How to Motivate a Fourth Grader
by Sandra Mullen
My son is ten years old and three weeks away from the end of fourth grade. He’s missed twenty-four days of school this year, mostly for stomach aches, and a strep throat in the beginning of the school year. The rest were con jobs; he’d come to me in the morning and complain of a headache, or that he’d thrown up and I, believing my son couldn’t possibly lie to my face, let him stay home.
The last time I called him in sick to the school nurse, I received a lecture about the amount of time my son has missed. It was condescending and threatening at the same time. “You know,” the nurse said, “we take parents to court if their kids miss too much school”. I reminded her that I was also an RN, for twenty-five years as a matter of fact, and when my son says he’s sick, I believe him. “And,” I added, “he’s a straight A student. What does that say about the school?” She had no answer. I left it at that.
I had a talk with my son. He’s bored in school. He gets picked on because he gets A’s. I see his grades, follow them throughout the school year on our district’s “Power School” computer program, where parents can see their child’s grades. He has a 106 average in music and 105 average in art. The rest of his grades are 96 to 99. I wrote an email to his teacher and told her that if I’m ever threatened with court again, my attorney will file a complaint of a “hostile school atmosphere.” I mentioned the punches, shoves, pencil stabs. Things my son wouldn’t tell his teacher because then he would be labeled a tattle-tale.
So, last week, he woke me up at 11 a.m. (my husband, who works nights, gets him ready for school in the morning and I take care of dinner, homework, shower, and bedtime). My husband apparently fell asleep on the couch and my son didn’t think to wake him up. He also didn’t think to get dressed and walk the half block to the school bus. I made my husband get up and take him to school, even though it was after twelve noon and it technically was considered an unexcused absence. Then Wednesday, he did it again and it was 1 p.m. by the time I got my husband awake to discuss how we were going to handle this.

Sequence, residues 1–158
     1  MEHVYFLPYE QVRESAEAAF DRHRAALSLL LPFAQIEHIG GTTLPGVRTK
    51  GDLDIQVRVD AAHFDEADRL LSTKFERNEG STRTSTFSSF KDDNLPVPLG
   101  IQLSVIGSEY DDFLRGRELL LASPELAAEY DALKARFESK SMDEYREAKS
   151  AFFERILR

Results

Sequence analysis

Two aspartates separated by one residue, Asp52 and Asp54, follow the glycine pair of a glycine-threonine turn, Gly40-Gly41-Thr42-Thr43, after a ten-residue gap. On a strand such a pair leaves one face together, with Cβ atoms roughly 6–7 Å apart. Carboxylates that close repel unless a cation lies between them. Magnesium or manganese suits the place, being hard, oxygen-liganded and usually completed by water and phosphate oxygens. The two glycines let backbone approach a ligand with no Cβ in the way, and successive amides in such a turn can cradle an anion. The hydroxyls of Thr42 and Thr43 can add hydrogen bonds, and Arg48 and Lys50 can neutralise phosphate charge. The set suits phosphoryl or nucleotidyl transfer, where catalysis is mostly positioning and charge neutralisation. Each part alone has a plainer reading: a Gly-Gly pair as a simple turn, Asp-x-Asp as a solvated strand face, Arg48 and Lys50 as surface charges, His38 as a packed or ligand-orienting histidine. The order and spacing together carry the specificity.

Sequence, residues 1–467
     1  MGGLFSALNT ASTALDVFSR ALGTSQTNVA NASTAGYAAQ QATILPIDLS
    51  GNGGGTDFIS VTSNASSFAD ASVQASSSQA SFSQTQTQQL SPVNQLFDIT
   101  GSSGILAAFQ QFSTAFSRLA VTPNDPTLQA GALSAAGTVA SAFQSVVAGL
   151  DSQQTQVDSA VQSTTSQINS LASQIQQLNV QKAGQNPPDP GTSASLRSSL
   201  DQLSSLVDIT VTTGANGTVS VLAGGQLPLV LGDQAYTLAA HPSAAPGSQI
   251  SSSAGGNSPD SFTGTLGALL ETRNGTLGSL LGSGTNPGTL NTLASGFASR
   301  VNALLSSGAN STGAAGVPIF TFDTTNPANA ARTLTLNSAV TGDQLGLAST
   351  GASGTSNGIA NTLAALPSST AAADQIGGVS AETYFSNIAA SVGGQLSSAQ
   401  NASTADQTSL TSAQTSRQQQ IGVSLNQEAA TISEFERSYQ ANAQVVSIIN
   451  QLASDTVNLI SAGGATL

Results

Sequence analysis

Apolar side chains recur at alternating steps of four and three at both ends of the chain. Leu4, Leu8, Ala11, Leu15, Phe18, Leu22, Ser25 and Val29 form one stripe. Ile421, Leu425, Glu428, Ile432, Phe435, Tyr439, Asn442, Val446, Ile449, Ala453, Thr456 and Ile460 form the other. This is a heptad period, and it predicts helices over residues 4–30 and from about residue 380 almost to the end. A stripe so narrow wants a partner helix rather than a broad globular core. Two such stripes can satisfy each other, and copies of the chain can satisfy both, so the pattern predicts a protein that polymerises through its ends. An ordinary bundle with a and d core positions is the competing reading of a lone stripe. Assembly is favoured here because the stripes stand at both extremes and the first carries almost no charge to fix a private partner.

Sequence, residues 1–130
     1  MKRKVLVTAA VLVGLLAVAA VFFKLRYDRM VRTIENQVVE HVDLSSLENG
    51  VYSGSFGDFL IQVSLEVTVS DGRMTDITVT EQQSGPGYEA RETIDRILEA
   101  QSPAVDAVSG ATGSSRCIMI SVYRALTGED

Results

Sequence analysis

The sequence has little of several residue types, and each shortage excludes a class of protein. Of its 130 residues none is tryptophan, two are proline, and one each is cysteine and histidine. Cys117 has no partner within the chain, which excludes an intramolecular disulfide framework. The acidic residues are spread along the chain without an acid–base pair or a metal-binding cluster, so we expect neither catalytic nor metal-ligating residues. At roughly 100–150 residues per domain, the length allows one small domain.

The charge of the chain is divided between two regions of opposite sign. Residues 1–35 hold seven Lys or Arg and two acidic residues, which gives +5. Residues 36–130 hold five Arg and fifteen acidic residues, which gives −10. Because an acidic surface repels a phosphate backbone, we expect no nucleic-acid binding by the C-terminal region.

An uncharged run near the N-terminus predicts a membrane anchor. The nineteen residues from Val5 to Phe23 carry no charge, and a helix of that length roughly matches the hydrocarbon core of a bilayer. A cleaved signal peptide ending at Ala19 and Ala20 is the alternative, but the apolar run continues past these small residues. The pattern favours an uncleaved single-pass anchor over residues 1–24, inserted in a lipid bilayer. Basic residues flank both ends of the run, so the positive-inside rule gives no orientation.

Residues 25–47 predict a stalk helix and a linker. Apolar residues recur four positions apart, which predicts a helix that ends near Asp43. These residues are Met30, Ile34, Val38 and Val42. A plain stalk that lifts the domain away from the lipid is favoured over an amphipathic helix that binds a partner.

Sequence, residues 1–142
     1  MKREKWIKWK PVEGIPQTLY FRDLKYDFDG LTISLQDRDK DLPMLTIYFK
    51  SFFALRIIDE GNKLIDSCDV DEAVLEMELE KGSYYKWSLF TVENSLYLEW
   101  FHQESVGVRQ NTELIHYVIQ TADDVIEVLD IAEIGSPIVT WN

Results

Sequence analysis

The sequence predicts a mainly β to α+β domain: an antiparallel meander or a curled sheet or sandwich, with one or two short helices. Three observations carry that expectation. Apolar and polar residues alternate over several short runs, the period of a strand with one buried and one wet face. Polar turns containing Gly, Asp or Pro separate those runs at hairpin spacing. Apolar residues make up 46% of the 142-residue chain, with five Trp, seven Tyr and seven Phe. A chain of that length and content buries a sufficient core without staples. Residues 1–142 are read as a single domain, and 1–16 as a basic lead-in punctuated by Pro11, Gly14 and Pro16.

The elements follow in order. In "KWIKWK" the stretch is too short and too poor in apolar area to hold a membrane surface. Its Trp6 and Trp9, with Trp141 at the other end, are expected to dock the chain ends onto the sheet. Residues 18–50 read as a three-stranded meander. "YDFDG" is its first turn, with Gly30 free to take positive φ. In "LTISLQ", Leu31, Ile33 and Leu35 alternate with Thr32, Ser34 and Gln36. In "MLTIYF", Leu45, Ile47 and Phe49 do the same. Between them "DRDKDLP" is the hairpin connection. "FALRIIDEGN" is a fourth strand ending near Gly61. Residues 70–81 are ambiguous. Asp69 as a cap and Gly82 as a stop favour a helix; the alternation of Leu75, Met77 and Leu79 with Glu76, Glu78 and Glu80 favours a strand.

My son is scheduled to go to Space Camp in Huntsville, Alabama in August. Camp is paid for, as well as his plane ticket down there. I ordered a card with $100 on it for him to use in the gift shop. We are planning on driving to Alabama to see his graduation and drive him home. Our hotel for the night before is paid for. I ordered a flight suit for $80 from Space Camp. We sat him down and said, along with two weeks without video games, if he missed another day of school before the end of the year, we would cancel Space Camp and he would have to repay us the money we will lose by cancelling. This amounts to about $600. He won’t get allowance for the next decade. We also told him we would take away his XBox 360 and PS2 permanently. I’m not sure what got through to him that evening but I think the amount of money he’d have to repay hit him the hardest. He’s very careful with his money; I keep an account on my computer and then deduct whatever money he spends. This keeps him from going around to the corner store and buying candy and soda.
We’ll see if this works. If not, we’re in for a long, hot summer with a bored kid. I told him I’d enroll him in enrichment classes. More school. What a frightening thought to the straight-A student who doesn’t like school.